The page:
Bill Cotterell: The unmentionable is now mentionable

The startling syllable has become almost mainstreamed in political discourse, our Capitol Columnist writes.

Photo by Yevhen Rozhylo on Unsplash

Well, this is going to be kind of different: Writing a column about a word without using the word.

The F-word, that is. 

The startling syllable that used to pop up accidentally in an offhand comment or an angry retort has become almost mainstreamed in political discourse. 

Related story – WTF? Florida Democrats getting attention with bad language

At its “Leadership Blue” gala in Miami Beach this month, the Florida Democratic Party put out a video of what Gov. Ron DeSantis and Republican legislators are doing, with the tagline “Not On Our F—ing Watch.”

And keynote speaker Bradley Whitford called DeSantis “a f—king coward,” to loud applause.

Only they spelled out the word and said it loudly, which was odd sometimes. A 70-second video included a quick clip of FDP Chairwoman Nikki Fried in a t-shirt emblazoned “Just F**king Vote,” with the middle word blurred in the photograph. 

The actual T-shirt had two asterisks, not the letters U and C, but the Democrats chose a photo with the already-bowdlerized word further obscured.

(And hey, why are middle letters dirtier than first and last letters? Why isn’t the euphemism “-uc-” rather than “f—k”?)

In more than a half-century of scribbling down what politicians say, I’ve been proudly old-fashioned, except when dirty words slip into a candidate’s speech or some protest signs. 

I’ve always felt, as a 1960s song said, “Let it all hang out.” Sometimes the news media and readers/viewers ought to just grit our teeth, brace for it, and see reality unfiltered.

If it’s news, if it’s accurate. If it says something about the speaker, then it’s necessary. But it’s almost never all three. 

To spare the squeamish, editors can always write around some details (how often have you seen “perform a sex act” in a news story?) or just use hyphens.

It’s infantile, like Victorians using little skirts to obscure the legs (such a suggestive word) of piano benches. 

We all know what f—k means, so the epithet is conveyed anyway. If there are several words in a phrase, we can figure out what was said, like when transcripts of Nixon’s Watergate tapes used “(expletive deleted).”

Really, if we’re worried about offense, why not just delete the word? 

Then-Vice President Joe Biden was caught on a live microphone muttering to President Obama, “This is a big f—ing deal,” at the 2010 bill signing for the Affordable Care Act. Would people be misled if Biden was quoted as “This is a big deal” — or even “This is a big … deal”?

Another vice president, John Nance Garner, famously said the office “ain’t worth a pitcher of warm spit.” Or maybe he cited another four-letter bodily fluid. History is not sure because reporters of the 1930s politely recorded what they thought readers preferred. Garner was a tough Texan called “Cactus Jack,” so everyone just assumed he wouldn’t say “spit.”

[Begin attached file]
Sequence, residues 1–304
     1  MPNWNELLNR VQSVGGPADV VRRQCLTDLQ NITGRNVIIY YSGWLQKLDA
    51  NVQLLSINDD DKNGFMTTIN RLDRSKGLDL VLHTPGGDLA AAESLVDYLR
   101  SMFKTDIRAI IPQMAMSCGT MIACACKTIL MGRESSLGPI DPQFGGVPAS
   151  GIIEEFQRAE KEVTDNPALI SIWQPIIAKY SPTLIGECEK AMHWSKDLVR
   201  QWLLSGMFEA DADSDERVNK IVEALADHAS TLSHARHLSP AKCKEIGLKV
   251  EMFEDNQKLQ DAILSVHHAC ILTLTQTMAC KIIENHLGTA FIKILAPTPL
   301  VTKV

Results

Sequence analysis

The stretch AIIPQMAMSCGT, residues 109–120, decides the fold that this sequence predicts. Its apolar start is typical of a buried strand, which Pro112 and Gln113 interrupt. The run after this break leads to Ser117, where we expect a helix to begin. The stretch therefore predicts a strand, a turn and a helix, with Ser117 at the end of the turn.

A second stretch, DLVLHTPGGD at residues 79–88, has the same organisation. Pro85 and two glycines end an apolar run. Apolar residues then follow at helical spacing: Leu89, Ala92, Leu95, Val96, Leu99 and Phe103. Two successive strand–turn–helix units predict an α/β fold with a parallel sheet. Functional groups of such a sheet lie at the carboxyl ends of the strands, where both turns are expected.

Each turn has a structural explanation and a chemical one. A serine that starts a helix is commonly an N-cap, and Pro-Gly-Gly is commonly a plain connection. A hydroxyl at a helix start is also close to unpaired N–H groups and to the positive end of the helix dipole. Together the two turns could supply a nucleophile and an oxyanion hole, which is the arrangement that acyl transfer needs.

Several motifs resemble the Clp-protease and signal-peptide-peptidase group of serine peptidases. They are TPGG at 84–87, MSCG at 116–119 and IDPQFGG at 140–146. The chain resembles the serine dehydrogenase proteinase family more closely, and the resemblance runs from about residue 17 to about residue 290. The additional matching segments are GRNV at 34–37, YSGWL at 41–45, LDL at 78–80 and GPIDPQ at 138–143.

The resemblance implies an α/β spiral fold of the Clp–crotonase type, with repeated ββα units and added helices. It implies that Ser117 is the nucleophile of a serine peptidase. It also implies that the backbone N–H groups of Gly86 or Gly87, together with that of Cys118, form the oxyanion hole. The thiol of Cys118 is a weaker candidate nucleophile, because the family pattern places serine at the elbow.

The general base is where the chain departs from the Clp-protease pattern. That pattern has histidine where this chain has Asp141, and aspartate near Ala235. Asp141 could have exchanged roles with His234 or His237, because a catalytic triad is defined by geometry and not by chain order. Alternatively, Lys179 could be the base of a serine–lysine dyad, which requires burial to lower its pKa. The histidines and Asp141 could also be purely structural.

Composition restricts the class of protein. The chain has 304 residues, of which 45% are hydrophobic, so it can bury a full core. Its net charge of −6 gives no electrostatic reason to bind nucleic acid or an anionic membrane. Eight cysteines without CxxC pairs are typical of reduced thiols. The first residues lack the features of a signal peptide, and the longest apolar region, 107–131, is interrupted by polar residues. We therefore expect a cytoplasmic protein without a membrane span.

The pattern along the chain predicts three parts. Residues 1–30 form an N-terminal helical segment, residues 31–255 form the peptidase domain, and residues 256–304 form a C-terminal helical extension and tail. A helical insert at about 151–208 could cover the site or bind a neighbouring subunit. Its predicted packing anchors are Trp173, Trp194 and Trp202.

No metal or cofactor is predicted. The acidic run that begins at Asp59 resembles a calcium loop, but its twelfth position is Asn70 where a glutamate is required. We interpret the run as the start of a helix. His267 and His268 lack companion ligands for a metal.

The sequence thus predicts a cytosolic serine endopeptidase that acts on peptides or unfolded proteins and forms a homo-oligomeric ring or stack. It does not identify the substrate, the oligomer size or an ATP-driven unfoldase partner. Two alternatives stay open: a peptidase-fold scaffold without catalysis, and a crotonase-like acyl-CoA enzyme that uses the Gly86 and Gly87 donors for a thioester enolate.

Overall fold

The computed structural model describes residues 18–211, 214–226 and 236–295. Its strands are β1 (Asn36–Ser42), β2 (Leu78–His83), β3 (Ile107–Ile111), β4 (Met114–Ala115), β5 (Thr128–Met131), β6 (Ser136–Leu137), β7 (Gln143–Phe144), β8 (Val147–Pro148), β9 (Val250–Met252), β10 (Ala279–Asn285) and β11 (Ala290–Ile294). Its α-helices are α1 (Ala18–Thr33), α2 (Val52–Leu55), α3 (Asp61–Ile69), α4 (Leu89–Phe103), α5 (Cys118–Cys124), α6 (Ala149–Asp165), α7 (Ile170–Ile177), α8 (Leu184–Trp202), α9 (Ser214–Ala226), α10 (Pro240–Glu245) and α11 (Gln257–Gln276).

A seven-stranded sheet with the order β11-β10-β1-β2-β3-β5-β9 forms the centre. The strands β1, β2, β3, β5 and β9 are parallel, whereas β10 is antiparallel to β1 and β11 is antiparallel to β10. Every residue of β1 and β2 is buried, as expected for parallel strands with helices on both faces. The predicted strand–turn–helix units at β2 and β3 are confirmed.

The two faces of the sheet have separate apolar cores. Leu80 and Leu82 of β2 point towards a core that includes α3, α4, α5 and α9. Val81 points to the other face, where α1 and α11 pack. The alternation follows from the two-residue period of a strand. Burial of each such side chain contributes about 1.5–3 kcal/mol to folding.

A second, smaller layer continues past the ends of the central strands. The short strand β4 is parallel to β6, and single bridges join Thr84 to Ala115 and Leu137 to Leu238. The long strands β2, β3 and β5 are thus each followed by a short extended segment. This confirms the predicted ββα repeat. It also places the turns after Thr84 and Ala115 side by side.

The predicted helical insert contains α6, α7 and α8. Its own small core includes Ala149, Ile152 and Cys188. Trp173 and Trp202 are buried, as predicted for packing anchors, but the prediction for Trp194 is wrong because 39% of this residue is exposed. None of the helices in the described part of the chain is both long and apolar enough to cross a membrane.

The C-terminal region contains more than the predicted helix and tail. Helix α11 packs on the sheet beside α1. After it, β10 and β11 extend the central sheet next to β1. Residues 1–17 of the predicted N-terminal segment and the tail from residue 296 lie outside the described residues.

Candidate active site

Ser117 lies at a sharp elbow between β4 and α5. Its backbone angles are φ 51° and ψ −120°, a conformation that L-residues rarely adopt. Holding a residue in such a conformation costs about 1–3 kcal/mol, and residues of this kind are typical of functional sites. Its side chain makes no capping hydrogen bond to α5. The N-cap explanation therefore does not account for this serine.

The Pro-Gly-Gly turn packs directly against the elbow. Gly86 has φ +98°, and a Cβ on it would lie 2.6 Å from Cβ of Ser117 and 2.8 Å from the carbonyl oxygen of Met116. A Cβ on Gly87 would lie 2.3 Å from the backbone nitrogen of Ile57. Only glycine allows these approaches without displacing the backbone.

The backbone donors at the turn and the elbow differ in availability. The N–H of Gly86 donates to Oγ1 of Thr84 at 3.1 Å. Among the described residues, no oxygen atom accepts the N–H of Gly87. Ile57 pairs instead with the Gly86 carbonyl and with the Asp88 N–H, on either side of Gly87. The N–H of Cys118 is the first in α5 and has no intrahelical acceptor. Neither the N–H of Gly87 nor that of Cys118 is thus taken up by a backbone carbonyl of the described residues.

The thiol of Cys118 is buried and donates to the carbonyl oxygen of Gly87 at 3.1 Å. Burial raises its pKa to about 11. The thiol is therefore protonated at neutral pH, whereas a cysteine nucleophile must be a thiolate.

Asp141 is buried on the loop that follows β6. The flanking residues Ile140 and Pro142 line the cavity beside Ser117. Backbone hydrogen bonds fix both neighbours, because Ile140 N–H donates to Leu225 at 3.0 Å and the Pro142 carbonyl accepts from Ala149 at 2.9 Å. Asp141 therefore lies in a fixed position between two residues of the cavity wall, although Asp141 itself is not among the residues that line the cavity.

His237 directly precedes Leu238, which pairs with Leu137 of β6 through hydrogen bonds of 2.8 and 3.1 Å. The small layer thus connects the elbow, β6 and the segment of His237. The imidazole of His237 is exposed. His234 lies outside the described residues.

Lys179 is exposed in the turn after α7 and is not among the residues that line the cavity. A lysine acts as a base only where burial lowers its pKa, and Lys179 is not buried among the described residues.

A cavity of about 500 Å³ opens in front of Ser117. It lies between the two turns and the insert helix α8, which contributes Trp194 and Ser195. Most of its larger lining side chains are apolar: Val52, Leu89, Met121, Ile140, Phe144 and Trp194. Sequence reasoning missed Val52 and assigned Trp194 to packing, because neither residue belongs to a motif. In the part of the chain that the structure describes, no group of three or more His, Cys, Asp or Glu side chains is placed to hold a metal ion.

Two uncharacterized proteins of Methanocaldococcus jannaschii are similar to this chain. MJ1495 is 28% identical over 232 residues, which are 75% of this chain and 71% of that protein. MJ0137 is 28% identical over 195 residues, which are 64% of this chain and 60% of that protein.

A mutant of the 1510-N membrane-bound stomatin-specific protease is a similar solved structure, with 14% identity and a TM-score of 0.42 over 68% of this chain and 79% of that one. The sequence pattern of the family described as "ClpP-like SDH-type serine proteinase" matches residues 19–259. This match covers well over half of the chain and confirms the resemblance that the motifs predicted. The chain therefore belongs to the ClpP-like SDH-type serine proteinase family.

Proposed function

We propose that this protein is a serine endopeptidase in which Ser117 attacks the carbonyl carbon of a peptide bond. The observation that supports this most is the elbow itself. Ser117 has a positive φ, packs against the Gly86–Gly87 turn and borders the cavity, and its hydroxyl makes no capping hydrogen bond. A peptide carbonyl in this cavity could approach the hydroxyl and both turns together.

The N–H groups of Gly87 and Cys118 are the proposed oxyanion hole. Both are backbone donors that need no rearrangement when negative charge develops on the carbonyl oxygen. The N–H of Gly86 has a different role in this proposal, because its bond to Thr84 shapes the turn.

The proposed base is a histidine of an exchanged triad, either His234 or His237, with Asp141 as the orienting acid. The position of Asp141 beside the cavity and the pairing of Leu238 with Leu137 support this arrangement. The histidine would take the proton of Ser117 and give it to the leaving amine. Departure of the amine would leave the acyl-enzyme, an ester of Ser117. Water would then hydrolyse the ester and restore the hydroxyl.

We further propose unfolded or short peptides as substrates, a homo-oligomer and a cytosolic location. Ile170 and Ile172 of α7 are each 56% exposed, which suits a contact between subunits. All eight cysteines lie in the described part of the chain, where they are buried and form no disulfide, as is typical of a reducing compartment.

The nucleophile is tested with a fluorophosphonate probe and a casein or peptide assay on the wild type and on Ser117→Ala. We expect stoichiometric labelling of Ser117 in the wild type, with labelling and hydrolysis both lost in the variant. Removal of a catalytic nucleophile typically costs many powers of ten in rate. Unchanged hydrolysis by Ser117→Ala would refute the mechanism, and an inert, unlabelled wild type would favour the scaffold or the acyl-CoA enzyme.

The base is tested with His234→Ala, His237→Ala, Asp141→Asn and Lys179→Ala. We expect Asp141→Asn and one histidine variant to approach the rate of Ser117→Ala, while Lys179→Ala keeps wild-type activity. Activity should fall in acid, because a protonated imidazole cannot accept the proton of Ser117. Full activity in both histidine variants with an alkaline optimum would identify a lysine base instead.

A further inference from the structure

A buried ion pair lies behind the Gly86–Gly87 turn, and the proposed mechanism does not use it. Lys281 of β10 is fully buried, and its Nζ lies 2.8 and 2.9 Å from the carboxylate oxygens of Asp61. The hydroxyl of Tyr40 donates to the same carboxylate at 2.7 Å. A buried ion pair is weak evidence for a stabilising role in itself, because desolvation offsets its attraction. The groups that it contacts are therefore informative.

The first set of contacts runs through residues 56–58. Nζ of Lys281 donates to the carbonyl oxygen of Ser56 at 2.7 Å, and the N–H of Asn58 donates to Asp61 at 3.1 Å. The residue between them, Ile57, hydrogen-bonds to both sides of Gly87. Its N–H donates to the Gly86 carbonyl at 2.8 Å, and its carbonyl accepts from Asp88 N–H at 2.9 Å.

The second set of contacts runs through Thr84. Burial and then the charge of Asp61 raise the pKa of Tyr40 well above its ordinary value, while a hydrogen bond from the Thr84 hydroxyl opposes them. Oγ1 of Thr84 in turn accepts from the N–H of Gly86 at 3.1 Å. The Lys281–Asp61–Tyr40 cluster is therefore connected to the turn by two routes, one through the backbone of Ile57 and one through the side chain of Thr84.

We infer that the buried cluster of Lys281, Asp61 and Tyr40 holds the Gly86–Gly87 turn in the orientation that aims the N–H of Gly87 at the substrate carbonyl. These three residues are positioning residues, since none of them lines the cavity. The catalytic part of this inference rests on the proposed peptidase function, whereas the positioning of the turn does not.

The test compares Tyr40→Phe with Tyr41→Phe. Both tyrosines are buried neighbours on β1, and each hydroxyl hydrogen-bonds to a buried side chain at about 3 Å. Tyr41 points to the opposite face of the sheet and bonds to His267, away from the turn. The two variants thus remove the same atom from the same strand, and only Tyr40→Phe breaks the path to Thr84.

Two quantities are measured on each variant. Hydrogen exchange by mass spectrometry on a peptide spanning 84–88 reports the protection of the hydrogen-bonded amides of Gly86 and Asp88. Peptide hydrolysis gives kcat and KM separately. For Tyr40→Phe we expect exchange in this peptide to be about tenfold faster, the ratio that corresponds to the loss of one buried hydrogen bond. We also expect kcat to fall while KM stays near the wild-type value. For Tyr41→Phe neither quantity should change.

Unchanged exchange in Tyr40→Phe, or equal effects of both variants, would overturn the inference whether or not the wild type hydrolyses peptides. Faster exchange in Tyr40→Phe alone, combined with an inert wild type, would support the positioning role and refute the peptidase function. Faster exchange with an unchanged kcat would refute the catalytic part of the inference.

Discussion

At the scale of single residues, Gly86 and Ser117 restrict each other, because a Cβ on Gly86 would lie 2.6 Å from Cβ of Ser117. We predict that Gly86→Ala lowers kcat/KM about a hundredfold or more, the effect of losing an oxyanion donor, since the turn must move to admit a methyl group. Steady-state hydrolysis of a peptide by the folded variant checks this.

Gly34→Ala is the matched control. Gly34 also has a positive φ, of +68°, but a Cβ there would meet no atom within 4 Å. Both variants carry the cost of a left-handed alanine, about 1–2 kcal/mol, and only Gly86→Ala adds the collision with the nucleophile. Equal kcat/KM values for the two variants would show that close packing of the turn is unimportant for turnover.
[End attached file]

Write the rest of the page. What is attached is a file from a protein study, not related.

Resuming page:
Yet today, “pissed off” raises nary an eyebrow among the cable commentariat.

And it’s not just in politics. Comedian and social critic Lenny Bruce got arrested several times for saying the F-word, among others. Years later, George Carlin had a bit called “The Seven Words You Can’t Say on TV.” (You can say at least three of them now.)

Maybe the Democrats, who’ve always had a weaker image than the GOP, thought it would be more two-fisted to drop that F-word into their “not on our watch” theme, but I’ve never thought profanity looks so tough. 

In the Marine Corps, we had a company gunnery sergeant who’d quickly rebuke anyone using foul language, so I developed a general rule: If it offends a Marine gunny, don’t say it.

Norman Mailer had a palliative, “fug,” for his soldiers in The Naked and the Dead. In another World War II novel, The Caine Mutiny, author Herman Wouk said in a foreword he skipped the common billingsgate of shipboard life because it added nothing to his narrative and offended many readers. Some readers will recall the 1970s sci-fi series “Battlestar Galactica” and its early 2000s reboot popularizing “frak” as an expletive. 

Agriculture Secretary Earl Butz scored a hat trick of racism, sexism and obscenity in 1976, saying Black voters were only interested in three things. It’s offensive enough that my editor made me link to it instead of repeating it here. 

It was indisputably news, so some media went with the hideous sentence, usually with a warning in italics at the top of the story. Others used hyphens, as I just did.

Butz was fired, of course. But Donald Trump not only survived egregiously using one of those words, he went on to give editors so much more to wrestle with. But can Florida Democrats out-crude Donald Trump? 

You bet your a—.

Bill Cotterell is a retired Capitol reporter for United Press International and the Tallahassee Democrat. He can be reached at bcotterell@cityandstatefl.com

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